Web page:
Hypertension, commonly known as high blood pressure, is no longer confined to the rich or city-dwellers. It is spreading in rural India, which has fewer doctors, worse health facilities
That Indians are tense comes as no surprise given the political and economic woes facing the country. What is less known is that an increasing number of Indians are also suffering from ‘hypertension’, commonly known as high blood pressure, and that hypertension is no longer confined to the rich or city-dwellers. It is spreading in rural India, which has fewer doctors, worse health facilities and where people are far less aware about such lifestyle-related ailments.
Why is this a big issue as we look ahead to a new year?
One key reason is that hypertension is a major risk factor for cardiovascular diseases; its complications account for 9.4 million deaths across the world every year. And its spread in villages across India will have long-term health and economic costs.
“We are already in the midst of an NCD (non-communicable) epidemic in rural India,” warns Dr Yogesh Kalkonde, a public health researcher and neurologist. Kalkonde currently leads the rural chronic non-communicable diseases research programme at SEARCH, Gadchiroli district in Maharashtra.
“A 46-year-old male labourer with high blood pressure and diabetes, a 55-year-old male farmer who has recently suffered a heart attack, a 52-year-old woman with anxiety and depression, a 56-year-old woman with chronic back pain … a day at my clinic is full of cases that one would be surprised to find in a rural and tribal region of Gadchiroli, one of India’s most backward districts,” said Kalkonde in a 2018 report published in the India Development Review.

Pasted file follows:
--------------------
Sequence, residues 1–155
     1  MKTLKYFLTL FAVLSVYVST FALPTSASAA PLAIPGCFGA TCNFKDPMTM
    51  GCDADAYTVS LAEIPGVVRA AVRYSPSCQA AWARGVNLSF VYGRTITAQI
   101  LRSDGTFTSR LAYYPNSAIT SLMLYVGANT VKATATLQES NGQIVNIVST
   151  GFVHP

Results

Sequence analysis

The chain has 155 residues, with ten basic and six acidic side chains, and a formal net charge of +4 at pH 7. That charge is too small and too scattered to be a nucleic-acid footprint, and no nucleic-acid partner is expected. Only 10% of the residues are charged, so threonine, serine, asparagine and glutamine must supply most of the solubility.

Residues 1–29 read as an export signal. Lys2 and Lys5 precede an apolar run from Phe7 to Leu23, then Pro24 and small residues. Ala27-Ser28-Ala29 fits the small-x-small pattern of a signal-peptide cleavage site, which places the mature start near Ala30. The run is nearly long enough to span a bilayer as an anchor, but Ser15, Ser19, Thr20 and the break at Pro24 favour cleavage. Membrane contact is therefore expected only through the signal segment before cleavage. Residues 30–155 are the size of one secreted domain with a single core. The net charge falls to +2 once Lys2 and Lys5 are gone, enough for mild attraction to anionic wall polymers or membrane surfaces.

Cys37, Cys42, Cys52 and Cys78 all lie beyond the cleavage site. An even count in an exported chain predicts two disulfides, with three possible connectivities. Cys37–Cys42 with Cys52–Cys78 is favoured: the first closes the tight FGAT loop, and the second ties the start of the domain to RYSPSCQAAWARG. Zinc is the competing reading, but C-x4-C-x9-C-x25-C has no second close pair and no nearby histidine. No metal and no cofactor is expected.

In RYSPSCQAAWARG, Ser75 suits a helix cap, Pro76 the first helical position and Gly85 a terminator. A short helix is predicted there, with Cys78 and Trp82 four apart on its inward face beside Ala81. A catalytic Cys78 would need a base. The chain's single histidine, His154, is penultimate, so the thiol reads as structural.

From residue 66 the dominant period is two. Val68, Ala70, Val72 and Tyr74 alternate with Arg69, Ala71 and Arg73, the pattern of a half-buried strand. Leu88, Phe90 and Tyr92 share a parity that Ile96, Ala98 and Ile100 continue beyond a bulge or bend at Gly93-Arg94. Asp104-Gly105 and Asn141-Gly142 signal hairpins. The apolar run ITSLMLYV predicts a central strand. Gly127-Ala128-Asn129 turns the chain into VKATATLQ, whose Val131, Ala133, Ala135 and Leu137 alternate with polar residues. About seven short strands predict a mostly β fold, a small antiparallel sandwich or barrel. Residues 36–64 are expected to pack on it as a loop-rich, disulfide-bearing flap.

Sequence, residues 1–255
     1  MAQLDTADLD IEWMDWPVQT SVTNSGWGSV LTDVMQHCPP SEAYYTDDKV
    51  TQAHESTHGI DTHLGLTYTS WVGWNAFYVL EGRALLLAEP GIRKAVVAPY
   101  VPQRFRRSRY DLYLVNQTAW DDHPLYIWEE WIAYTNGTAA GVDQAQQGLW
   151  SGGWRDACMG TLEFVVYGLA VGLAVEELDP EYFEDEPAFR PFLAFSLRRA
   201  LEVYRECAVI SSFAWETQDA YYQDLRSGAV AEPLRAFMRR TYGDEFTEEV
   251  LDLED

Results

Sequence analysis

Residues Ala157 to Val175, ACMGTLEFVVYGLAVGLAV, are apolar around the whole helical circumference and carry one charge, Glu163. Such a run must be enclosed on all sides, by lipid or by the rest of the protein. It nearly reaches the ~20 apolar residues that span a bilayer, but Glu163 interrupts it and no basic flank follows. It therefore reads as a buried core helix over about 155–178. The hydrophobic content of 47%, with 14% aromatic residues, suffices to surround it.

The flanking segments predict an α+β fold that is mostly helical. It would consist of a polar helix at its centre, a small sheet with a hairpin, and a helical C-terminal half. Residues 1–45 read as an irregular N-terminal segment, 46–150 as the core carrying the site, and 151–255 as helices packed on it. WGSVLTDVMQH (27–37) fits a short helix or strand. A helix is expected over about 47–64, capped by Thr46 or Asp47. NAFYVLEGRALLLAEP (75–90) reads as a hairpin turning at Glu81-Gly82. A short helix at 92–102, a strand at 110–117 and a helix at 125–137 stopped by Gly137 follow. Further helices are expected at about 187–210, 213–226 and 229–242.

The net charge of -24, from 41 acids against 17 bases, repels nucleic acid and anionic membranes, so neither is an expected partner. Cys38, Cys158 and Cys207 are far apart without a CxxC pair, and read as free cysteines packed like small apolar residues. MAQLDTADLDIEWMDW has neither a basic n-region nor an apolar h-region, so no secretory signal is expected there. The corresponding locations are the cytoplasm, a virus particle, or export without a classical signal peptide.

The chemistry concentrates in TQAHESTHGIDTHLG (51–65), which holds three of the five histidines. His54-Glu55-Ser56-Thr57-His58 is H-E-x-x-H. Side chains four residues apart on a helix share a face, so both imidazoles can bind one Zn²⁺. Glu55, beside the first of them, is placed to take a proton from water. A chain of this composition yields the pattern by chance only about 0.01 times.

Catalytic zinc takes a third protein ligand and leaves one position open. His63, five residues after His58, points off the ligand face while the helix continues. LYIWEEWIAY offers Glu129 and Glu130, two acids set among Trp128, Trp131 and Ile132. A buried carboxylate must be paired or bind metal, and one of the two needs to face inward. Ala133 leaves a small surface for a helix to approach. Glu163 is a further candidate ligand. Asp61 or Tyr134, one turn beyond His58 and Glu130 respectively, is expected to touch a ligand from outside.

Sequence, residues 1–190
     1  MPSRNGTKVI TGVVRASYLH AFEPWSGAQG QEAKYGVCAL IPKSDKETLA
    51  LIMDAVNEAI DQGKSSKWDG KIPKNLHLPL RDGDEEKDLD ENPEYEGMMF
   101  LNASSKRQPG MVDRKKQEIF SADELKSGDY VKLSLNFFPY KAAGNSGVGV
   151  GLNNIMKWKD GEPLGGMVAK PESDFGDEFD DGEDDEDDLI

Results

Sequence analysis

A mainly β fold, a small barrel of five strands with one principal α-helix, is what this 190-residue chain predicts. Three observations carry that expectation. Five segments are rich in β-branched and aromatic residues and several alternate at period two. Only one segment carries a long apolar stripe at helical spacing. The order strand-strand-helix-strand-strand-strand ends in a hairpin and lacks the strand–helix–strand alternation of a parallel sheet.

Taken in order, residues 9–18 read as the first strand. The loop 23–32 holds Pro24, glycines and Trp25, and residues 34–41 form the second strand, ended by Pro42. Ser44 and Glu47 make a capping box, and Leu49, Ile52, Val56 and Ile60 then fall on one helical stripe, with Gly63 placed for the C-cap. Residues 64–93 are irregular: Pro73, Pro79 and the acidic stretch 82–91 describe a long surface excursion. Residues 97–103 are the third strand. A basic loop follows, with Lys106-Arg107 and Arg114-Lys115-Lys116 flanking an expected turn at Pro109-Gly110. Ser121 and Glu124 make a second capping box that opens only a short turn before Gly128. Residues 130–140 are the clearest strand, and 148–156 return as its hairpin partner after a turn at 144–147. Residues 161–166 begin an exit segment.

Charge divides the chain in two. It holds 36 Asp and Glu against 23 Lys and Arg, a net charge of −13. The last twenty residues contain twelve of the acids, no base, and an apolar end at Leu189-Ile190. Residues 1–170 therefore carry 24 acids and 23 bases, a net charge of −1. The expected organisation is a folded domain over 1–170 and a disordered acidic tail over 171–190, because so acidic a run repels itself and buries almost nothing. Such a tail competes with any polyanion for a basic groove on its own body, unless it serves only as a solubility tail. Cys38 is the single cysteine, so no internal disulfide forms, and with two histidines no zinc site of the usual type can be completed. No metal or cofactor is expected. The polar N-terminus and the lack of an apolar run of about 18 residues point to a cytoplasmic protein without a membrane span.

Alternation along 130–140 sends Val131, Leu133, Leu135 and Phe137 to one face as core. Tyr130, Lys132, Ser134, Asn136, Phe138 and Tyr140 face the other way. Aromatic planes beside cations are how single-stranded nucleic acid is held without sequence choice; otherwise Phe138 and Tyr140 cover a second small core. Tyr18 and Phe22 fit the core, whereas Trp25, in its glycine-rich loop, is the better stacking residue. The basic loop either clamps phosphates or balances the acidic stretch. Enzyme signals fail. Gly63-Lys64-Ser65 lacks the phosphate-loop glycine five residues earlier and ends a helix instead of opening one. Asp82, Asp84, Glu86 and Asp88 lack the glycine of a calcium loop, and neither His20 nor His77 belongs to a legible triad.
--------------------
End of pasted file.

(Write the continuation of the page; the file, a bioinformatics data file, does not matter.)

“My friends — doctors and non-doctors alike — are puzzled when I talk about the increasing incidence of chronic non-communicable (or NCDs, for lack of a better word) in rural and tribal regions of India. But these are the diseases of people who live in cities!” they argue. This dangerous myth needs to be countered,” he noted.
As rural lifestyles aspire to urban mores, the pattern of NCDs in rural India is looking largely similar to what we are witnessing in urban India. It is the same worrying story of high blood pressure, diabetes and so on, cumulatively called ‘lifestyle diseases.’
What is even more worrying is that rural India will face additional challenges in countering the spread of non-communicable diseases. Rural poverty and malnutrition heighten the risks of NCDs.
Kalkonde says that NCDs in rural India are affecting a relatively younger population — about a decade younger — compared to that in developed countries.
One key reason could be malnourishment early in life, which, as Kalkonde points out, paradoxically increases the risk of NCDs and an unhealthy lifestyle in early adulthood. This means rural youth needs to be screened for chronic diseases.
Add to this, low levels of literacy in many parts of rural India and very low awareness about emerging lifestyle diseases. Rural India also lags behind in facilities that can diagnose and treat these problems.
Treatment of lifestyle diseases dent family budgets and can push impoverished rural families deeper into poverty. There is no financial safety net to help people absorb the negative economic consequences of NCDs.
“As NCDs are typically treated by physicians with an advanced level of training; since such physicians are not accessible to villagers, the best way to treat NCDs at the village level needs to be understood,” said Kalkonde in his report.